- Nickel metal hydride (NiMH) batteries don't suffer from this problem and can also hold 40% more charge but they fail after about 500 charges.
- Lithium ion batteries have the same sort of limit but twice the capacity of NiMHs. They are more expensive and tend to be camera or manufacturer-specific and require special chargers.
Bear in mind that all rechargeables lose power even when not in use. A NiMH, for instance, will lose 5% of its charge in a day.
Compared to conventional photographs, today's digital technology has limitations, particularly in applications that require proof of authenticity. Digital images are notoriously easy to manipulate, whether to change the content of the image or to modify the date and time the exposure was made.
These changes can be undetectable, which means that digital images currently have to be used with care in court cases because their veracity can be easily disputed. Tamper-proof certification could be built into the image to prevent alterations being made but camera manufacturers have yet to implement such safeguards.
Even so, speed of turnround, easy transmission and reusable media make digital photography a superb business tool.
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Adjusting to light and colour
Contrast and hue adjustments within an image are essential to ensure that the final picture accurately reflects the viewers' perceptions. The eye compensates for huge differences in lighting levels. Sunlight may be 100 times brighter than office lighting but we only really notice this when emerging from an artificially-lit room on a sunny day, after a while the eye and the brain acclimatise to the new condition.
In a similar way, we also even out colour differences between natural and artificial light. White looks white to us whether under yellow-tinted tungsten light or blue-tinted daylight but a camera has to identify what hue "white" has under the ambient lighting so that it can modify all colours in the image accordingly.
Most digital cameras do this automatically by making colour comparisons across the whole image but this technique can be fooled, for example, where one colour dominates. The best cameras provide a manual white balance reading by measuring the output from a standardised white card before the actual picture is taken.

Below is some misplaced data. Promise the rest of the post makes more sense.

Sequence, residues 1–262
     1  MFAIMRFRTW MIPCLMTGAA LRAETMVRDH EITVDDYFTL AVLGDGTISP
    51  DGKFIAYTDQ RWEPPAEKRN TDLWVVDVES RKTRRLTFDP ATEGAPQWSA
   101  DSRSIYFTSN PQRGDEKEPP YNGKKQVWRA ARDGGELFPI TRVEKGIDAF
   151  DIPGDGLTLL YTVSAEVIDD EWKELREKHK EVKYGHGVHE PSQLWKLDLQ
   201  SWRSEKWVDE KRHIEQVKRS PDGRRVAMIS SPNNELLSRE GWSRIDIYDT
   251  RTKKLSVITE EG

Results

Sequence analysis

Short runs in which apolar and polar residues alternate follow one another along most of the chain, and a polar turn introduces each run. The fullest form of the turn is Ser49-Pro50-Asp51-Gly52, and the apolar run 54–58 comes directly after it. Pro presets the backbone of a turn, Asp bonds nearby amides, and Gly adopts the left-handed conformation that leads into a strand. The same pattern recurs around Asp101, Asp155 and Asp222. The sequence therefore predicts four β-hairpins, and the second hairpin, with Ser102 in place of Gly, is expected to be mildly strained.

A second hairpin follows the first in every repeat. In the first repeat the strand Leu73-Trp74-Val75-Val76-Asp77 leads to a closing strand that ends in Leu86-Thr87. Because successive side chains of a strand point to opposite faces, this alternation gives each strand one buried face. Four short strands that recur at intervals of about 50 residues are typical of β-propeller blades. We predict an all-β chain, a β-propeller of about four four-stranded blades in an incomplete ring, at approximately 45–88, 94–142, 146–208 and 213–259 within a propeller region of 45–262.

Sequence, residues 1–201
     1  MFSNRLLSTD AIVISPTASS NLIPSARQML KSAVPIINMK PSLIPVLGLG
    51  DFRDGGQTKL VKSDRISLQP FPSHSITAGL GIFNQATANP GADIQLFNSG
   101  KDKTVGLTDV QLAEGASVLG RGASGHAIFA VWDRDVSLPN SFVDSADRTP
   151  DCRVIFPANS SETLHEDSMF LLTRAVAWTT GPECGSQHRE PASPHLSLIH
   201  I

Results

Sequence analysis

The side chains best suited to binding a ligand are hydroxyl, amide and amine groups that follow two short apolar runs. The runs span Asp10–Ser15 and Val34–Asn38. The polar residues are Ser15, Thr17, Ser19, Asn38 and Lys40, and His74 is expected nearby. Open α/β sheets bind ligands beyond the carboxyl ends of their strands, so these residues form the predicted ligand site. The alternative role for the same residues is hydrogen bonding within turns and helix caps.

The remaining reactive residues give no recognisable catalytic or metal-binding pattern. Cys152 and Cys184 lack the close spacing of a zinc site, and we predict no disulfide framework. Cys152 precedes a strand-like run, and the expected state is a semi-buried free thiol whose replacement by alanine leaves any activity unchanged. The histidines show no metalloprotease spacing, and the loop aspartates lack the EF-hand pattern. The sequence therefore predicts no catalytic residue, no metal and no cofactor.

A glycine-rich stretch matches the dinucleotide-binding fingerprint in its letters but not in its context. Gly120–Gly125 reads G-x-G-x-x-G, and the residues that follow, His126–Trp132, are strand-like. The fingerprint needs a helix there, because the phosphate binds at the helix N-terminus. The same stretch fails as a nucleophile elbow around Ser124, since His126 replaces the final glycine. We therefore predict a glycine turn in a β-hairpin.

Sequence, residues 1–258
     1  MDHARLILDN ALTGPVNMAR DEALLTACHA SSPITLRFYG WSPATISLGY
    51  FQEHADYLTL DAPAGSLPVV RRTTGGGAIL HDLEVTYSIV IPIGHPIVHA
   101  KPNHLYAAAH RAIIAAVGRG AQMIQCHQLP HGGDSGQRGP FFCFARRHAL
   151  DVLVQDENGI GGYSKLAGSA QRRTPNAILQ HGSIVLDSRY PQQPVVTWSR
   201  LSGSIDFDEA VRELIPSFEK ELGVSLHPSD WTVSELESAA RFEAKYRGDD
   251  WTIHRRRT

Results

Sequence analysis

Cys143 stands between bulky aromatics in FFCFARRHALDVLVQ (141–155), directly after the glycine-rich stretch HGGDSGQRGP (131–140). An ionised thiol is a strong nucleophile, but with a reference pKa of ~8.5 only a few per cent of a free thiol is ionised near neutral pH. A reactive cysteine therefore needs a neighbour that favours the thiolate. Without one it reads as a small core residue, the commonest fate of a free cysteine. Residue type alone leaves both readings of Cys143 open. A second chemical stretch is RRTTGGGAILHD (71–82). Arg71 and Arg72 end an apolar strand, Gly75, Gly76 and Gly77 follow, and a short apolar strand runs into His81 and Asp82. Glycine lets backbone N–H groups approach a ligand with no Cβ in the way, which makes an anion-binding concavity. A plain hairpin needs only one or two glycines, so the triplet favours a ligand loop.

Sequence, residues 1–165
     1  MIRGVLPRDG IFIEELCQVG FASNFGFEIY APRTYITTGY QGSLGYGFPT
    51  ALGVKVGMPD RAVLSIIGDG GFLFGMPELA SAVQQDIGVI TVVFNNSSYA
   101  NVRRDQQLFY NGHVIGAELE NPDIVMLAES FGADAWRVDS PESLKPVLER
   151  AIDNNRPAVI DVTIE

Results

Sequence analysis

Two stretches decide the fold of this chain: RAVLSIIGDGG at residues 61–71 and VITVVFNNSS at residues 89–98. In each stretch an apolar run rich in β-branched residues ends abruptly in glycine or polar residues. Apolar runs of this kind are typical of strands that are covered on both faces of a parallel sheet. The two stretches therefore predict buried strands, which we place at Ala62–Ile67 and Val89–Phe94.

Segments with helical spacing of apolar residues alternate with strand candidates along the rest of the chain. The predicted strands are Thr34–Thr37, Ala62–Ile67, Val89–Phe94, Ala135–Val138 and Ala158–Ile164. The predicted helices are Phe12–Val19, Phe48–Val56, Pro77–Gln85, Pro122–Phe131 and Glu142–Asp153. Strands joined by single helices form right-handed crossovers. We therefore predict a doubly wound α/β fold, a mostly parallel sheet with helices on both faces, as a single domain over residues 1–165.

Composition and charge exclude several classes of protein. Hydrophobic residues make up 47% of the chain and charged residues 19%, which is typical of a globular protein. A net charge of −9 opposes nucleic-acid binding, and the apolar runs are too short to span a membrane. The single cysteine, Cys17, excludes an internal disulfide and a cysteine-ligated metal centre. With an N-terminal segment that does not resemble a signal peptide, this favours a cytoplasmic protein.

How the CCD records the image
The surface of a charge-coupled device (CCD) is divided into a grid of pixel units. Each unit is a tiny photoelectric detector. As a photon of light hits the unit, a small electrical charge is stored in it. Subsequent photons increase the charge, registering the light level for that area of the picture, making no distinction between colours.
Colour information is compiled by filtering out all but one colour for each pixel. This is done by dyeing the surface of the chip in a chequerboard of the three primary additive colours - red, green and blue - so that each pixel records a specific colour. Because the eye is not evenly sensitive to the colours, there are usually significantly more green pixels than blue or red.
At the start of the photographic process, the CCD contains no electrical charge until it is exposed to light by the opening of a shutter. The system then moves row by row to read the charge level in each pixel unit. The charge levels produced are tiny and each analogue value has to be amplified before being passed to a digital converter. From there they pass through a digital signal processor to adjust contrast and hue and finally the image is compressed, typically using JPeg format. This process accounts for the marked delay before the captured image appears on the camera's LCD.
The resolution of a CCD is noticeably less than the size of the array of pixel units. A CCD with 2.1 megapixels produces a picture of about 1.9 megapixels, partly because the image is cropped to a 4:3 ratio, such as 1,600x1,200 pixels, and partly because a few rows and columns are dyed black to set a "black level" to compare the result of the active pixels against. Manufacturers refer to the smaller number as the 'effective pixels' value.